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Arri 16s question re: fluctuations in speed / focus - why?


Luke Fowler
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Hi there 

my first post on here. Hoping someone can help me.

I purchased two ARRI S cameras and accompanying variable speed motors. The previous owner used the camera with an 8v battery but the charger was broken so I (perhaps mistakenly discarded them). I’ve been shooting on this camera for a few projects now using 12v RC battery packs as recommended to me.  I’ve mostly been shooting 400ft magazines with torque motors that say they have been modded for 12v. I burnt out a few arri fixed speed motors using 12v (I was again mistakenly told they were 12v motors) but these variable speed ones have been going ok for a few years now. On Recent shoots though I’ve noticed fluctuations in speed and visual distortions when I get the footage back.  I can only describe this fluctuation as like someone rapidly pulling focus at the start of the shot (only sometimes my carefully set focus is pulled out by the force of the fluctuation). I can only assume that this is caused by a surge in voltage that is too much much for the camera and is momentarily pushing the film out of the gate.  I thought that tightening the torque motor between shots would help reduce this but it’s not solving the issue alone.
 

Does anyone know how I can address and solve this issue?

Is it my batteries / motor or is the arri in need of a service?

I was looking to purchase a 12v Tobin motor and a more reliable 12v battery (any suggestions?)  - but I want to ascertain that this is indeed the solution before throwing money at it irrationally.

thanks kindly for any help or advice,

all the best

Luke 

Glasgow, Scotland 

Edited by Luke Fowler
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Out-of-focus images have nothing to do with the drive. You can crank an Arriflex 16 ST with a gear insert that was once produced or with a pressurised air unit, focus shifts should not happen, least with an electric motor.

If a magazine motor pulls too strongly, you should still not notice anything focus-wise. The first thing to take place in that case is damage to the perforation. You will hear a tearing noise at the sprocket(s) when lid is off.

You may have the film loops too tight, firstly the upper one. Try to find a size where the film literally drops into the gate like a waterfall. The lower loop just mustn’t touch the body bottom during a cycle.

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As Simon said, the motor voltage/speed should not affect focus. There is a fixed loop through the gate, that can accept various speeds. If the footage is going out of focus then the film is moving away from the gate somehow. Usually this happens if the loop is too tight. Have a look with some dummy film, check your loop size, pressure plate is locking in ok, sprocket guides, no torn perfs etc.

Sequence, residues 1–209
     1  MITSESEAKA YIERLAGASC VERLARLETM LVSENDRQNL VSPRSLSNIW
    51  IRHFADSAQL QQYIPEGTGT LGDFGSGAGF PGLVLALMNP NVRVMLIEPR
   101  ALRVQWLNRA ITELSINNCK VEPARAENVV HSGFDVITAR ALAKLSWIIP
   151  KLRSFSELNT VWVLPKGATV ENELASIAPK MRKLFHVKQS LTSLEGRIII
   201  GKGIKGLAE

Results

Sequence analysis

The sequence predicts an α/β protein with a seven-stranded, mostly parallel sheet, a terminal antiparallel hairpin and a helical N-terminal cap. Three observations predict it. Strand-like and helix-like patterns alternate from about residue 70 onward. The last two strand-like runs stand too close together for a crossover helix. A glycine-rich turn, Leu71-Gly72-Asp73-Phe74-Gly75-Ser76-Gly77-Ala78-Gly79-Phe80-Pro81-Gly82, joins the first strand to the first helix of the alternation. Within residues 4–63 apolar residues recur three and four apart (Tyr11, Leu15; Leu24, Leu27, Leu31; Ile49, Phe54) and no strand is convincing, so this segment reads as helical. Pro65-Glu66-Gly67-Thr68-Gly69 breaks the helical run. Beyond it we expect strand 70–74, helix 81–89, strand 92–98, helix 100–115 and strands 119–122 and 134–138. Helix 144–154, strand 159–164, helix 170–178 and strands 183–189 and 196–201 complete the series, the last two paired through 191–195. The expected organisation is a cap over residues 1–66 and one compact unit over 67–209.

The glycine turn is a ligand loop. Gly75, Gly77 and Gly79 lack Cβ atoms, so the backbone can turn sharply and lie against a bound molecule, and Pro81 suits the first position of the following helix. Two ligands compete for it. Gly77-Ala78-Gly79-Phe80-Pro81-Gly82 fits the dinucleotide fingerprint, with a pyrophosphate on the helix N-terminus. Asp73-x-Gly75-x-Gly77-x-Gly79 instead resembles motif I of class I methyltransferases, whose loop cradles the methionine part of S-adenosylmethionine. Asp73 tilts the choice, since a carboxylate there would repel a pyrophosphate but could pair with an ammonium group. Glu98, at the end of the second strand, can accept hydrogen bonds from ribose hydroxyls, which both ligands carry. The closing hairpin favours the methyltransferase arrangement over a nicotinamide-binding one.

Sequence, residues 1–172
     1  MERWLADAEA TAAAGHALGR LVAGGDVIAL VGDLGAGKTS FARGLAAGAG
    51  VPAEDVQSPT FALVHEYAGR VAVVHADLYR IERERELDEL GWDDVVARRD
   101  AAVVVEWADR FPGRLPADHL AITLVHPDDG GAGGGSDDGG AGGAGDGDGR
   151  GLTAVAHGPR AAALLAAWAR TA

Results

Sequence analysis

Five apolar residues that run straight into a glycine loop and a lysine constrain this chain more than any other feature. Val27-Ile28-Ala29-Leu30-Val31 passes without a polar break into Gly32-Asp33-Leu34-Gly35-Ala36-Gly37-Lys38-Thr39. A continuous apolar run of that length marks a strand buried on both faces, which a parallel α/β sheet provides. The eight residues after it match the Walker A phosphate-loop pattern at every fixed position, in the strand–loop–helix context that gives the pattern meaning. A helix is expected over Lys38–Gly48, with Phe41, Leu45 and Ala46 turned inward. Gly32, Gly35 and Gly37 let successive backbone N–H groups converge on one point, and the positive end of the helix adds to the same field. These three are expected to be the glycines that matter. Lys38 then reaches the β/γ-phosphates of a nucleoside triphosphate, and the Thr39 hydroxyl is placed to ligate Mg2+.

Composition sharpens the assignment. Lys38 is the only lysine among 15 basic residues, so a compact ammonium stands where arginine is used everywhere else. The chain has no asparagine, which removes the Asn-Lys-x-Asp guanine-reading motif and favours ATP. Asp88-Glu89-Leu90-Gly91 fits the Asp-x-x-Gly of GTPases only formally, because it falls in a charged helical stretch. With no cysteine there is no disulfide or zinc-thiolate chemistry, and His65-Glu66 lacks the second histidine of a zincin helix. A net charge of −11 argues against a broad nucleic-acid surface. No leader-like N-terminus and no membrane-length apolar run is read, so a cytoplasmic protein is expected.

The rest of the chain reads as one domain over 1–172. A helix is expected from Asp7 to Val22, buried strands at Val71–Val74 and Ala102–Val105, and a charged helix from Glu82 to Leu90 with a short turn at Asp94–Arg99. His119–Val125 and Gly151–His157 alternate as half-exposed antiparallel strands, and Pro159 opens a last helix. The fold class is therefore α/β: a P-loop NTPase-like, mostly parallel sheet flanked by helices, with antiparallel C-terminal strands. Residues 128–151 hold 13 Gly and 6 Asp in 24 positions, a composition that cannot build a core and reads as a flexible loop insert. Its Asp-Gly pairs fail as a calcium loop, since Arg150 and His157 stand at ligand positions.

Does it only happen at the start of every shot? 

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That’s an odd one, the picture isn’t going out of focus, just doing a sort of zoom in and out, just after each shot starts.

I wonder if it’s not the scanner reacting to the light flash at each cut. Can’t think of a way the camera could do this. 

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Posted (edited)

That effect looks like on YouTube the "auto stabilization" effect is turned on. 

Notice there is warping of the image from left to right. This is the "opposite" side of the gate to the pulldown system. So either it's pressure plate float, or it's the scan. 

What throws me off is the fact the frame line steps outside of the framing of the scan.

EDIT: I'd love to see an underscan. 

Edited by Tyler Purcell
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I don't think the scan is bad. So long as the lens aperture is tight, movement of the film off the gate will not affect focus as critically as when the lens iris is opened wide. 

What I am seeing is consistent with the shape memory of the upper fold of the loop going through the gate and momentarily lifting the pressure plate as if there is a weak spring.

The signature double-clatter of some CP16 cameras is the shape memory of the film passing through the gate and momentarily lifting the pressure plate. In the CP16,  The film becomes deformed when parked around narrow rollers in the upstream film path within the camera.

In the ARRI style cameras, the upstream and outgoing film paths are within the magazine itself. However, as with the CP16, I expect maybe 15-20 frames of film would pass through before the artifact occurred. Your issue is occurring after about four frames which may eliminate shape memory from narrow rollers as a cause. 

The visual fault in your film is also consistent with the pressure plate being hung away from full contact against the back of the film due to accumulated debris under its limit stop.

This might also occur if the magazine is prevented from seating fully home in the camera by worn latching, debris or physical damage having bent something. Is the magazine when latched to the camera snug or a little loose?